British Columbia

B.C. Indigenous leaders disappointed by lack of focus on reconciliation during election campaign

During an election campaign that has paid scant attention to Indigenous issues, First Nations leaders in British Columbia are urging the province's politicians not to put reconciliation on the backburner.

'It can't take a back seat. It needs to remain a priority,' says chief of Heiltsuk Nation

Chief Leah George-Wilson of the Tsleil-Waututh Nation is one of three Indigenous leaders in B.C. who want to see more attention paid to reconciliation during the election. (Ben Nelms/CBC)

First Nations leaders in British Columbia are urging the province's politicians not to put reconciliation on the backburner this election campaign.

"It all comes down to the [United Nations] Declaration on the Rights of Indigenous Peoples Act," said Tsleil-Waututh Chief Leah George-Wilson, referencing landmark legislation passed unanimously last year that requires B.C. to align its laws with the standards of the UN declaration.

The 46 articles of UNDRIP affirm the rights of Indigenous people to live in dignity, maintain their culture and participate in government decision making, among other things. 

Last November, B.C. became the first government in North America to pass legislation to implement UNDRIP, which Canada's Truth and Reconciliation Commission describes as the "framework for reconciliation."

The legislation promised an action plan to ensure the government follows through on its commitment. George-Wilson said it's crucial that Indigenous communities are involved in that plan.

Marilyn Slett, Chief of the Heiltsuk Tribal Council in Bella Bella, says it's understandable that the pandemic has affected the progress of reconciliation in B.C. but she wants the three parties contesting the election not to lose sight of it.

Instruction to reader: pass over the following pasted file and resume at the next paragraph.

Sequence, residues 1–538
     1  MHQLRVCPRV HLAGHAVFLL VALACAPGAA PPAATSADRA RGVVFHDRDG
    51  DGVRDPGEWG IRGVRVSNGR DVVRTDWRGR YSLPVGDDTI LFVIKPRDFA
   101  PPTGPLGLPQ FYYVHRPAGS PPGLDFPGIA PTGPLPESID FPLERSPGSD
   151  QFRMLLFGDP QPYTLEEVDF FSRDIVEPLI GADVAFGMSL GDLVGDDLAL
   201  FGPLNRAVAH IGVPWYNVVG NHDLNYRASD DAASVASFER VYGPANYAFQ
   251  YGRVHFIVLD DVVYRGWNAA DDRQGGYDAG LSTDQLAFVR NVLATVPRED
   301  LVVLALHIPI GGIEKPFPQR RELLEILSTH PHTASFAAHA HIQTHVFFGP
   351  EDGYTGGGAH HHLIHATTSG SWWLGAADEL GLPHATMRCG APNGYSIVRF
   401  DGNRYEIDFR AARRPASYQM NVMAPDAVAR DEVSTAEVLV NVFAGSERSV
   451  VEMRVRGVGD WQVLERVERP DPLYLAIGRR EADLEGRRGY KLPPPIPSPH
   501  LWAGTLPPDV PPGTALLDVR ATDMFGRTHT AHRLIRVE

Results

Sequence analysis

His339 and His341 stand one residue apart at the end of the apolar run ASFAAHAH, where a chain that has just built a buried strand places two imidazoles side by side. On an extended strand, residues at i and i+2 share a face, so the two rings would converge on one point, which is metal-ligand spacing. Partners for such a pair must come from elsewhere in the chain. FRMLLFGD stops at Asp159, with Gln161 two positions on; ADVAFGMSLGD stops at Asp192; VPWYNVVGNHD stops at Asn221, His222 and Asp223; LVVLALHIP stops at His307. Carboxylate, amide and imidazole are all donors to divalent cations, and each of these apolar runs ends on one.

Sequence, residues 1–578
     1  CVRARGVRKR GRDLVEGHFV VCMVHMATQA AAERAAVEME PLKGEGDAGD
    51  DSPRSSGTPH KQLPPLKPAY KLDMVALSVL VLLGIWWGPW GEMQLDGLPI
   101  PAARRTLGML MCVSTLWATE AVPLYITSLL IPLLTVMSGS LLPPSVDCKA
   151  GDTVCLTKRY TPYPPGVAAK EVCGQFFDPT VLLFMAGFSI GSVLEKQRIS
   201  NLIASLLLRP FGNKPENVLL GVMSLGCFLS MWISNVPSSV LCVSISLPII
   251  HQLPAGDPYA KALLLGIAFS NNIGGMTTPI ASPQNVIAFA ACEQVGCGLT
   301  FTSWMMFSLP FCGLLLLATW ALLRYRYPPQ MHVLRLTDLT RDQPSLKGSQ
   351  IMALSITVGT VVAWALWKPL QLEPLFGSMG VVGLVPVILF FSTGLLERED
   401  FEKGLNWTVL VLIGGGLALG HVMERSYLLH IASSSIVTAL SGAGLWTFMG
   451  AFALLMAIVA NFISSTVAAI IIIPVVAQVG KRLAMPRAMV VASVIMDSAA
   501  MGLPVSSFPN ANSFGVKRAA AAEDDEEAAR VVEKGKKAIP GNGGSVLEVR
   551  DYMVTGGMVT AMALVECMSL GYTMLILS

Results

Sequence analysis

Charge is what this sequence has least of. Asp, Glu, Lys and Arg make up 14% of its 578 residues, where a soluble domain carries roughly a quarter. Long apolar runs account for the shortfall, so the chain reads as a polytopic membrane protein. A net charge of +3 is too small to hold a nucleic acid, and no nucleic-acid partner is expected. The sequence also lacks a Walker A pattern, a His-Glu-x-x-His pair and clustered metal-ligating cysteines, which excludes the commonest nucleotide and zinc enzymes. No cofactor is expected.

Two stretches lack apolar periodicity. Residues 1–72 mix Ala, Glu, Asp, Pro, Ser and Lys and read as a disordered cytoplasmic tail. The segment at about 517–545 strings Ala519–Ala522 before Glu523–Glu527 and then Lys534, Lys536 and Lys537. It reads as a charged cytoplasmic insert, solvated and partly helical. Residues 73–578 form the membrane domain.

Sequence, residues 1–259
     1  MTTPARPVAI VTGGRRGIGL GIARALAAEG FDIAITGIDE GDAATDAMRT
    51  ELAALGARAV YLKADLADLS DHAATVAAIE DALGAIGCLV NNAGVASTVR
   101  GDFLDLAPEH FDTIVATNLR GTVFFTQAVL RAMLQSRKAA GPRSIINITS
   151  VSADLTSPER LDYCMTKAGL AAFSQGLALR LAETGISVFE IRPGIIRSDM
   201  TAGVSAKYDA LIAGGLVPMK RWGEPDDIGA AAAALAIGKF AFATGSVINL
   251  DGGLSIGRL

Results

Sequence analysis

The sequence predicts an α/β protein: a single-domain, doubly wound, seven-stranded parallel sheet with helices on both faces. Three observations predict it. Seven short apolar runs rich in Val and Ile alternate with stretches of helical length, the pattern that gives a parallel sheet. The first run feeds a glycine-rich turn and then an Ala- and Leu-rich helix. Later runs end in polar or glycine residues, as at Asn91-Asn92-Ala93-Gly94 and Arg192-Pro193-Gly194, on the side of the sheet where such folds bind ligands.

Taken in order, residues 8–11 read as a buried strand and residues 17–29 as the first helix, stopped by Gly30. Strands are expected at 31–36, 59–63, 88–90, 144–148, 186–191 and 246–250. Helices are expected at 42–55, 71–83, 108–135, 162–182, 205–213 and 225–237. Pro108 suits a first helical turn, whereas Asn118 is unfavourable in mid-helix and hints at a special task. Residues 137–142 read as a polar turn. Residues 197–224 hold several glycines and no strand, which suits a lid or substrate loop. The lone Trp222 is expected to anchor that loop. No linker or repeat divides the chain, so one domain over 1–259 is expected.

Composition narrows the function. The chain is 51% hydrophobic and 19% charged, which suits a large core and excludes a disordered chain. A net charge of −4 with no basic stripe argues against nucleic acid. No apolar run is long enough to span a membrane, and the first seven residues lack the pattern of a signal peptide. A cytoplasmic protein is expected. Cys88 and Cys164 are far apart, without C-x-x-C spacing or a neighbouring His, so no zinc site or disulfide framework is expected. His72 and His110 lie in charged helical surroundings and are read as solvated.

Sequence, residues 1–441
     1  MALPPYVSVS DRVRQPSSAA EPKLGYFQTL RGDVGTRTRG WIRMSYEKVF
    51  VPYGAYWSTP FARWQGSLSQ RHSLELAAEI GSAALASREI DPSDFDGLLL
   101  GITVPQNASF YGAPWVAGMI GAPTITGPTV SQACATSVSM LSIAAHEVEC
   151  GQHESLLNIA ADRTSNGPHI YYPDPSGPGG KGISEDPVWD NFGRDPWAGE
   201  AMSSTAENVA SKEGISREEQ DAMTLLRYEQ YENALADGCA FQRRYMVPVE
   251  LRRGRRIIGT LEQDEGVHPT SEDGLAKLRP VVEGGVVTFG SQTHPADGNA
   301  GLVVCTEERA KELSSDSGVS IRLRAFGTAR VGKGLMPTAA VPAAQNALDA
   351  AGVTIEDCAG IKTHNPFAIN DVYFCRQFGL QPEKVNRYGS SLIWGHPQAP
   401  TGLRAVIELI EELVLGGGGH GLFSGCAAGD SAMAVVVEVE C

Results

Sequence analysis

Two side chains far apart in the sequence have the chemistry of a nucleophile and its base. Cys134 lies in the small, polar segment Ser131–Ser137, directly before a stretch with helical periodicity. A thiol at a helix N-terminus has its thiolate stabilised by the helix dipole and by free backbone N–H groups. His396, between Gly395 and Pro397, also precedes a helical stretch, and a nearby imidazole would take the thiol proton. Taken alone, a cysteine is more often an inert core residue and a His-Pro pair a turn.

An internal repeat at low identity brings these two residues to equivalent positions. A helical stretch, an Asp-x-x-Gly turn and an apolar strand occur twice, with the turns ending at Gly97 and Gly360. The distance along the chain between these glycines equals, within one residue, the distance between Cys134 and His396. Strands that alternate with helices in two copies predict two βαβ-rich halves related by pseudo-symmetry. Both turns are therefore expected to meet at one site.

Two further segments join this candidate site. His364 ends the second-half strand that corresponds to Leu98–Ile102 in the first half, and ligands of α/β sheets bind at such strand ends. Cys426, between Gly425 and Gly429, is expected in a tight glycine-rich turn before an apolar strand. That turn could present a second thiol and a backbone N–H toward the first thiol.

"It can't take a back seat," she told Stephen Quinn, host of CBC's The Early Edition, on Wednesday. "It needs to remain a priority."

She emphasized the importance of treating First Nations as equal governing partners.

"Everything stems from having that relationship in place, having it based on mutual respect for both governments and taking into account our priorities and our needs going forward." 

Underwhelmed by platforms

While UNDRIP makes an appearance in all three of the major parties' platforms, both Slett and George-Wilson were underwhelmed by commitments to reconciliation.

The B.C. NDP's platform promises to increase First Nations involvement in key decisions on "land and resource use allocation," and establish an office to ensure new legislation and policies align with UNDRIP.

The Greens platform stresses the "need to double down on the urgency of the action plan," and promises both adequate resources dedicated to the action plan and a collaborative relationship with Indigenous communities as it's implemented. 

Though the B.C. Liberals have promised to work to resolve long-standing land rights issues, the only explicit mention of UNDRIP in the party's platform involves finding clarity on how it might impact land-use decisions, the right to self determination and existing case law regarding title held by Indigenous people.

MMIWG mention?

Meanwhile, the Union of B.C. Indigenous Chiefs released a letter to all party leaders on Wednesday expressing their disappointment that the calls for justice from the National Inquiry into Missing and Murdered Indigenous Women and Girls were left out of all parties' platforms. 

The Indigenous leaders were similarly disappointed by what they saw at Tuesday's leaders' debate, particularly the answers the NDP and Liberal leaders gave when asked about white privilege.

NDP Leader John Horgan spoke of playing lacrosse with Indigenous young people and suggested, "I did not see colour." He apologized for the remarks immediately following the debate.

Lydia Hwitsum, a member of the political council on the First Nations Summit and a former federal Green Party candidate, criticized Liberal Leader Andrew Wilkinson for offering "platitudes" when he said everyone should be treated equally without, she said, detailing how his government would try and make that a reality.

"If you're not acknowledging the level of inequities, then that's a real concern for me," said Hwitsum, who credited Green Leader Sonia Furstenau for her response which acknowledged deep-seated racial inequality in B.C.

Chief Slett agrees with Hwitsum.

"It's a lot more than playing lacrosse with us or delivering Indigenous babies," she said, referencing anecdotes shared by each of the male party leaders. "We need to get to the root of these issues, and we need that coming from the top of British Columbia's leaders."

Listen to the full interview here:

With files from The Early Edition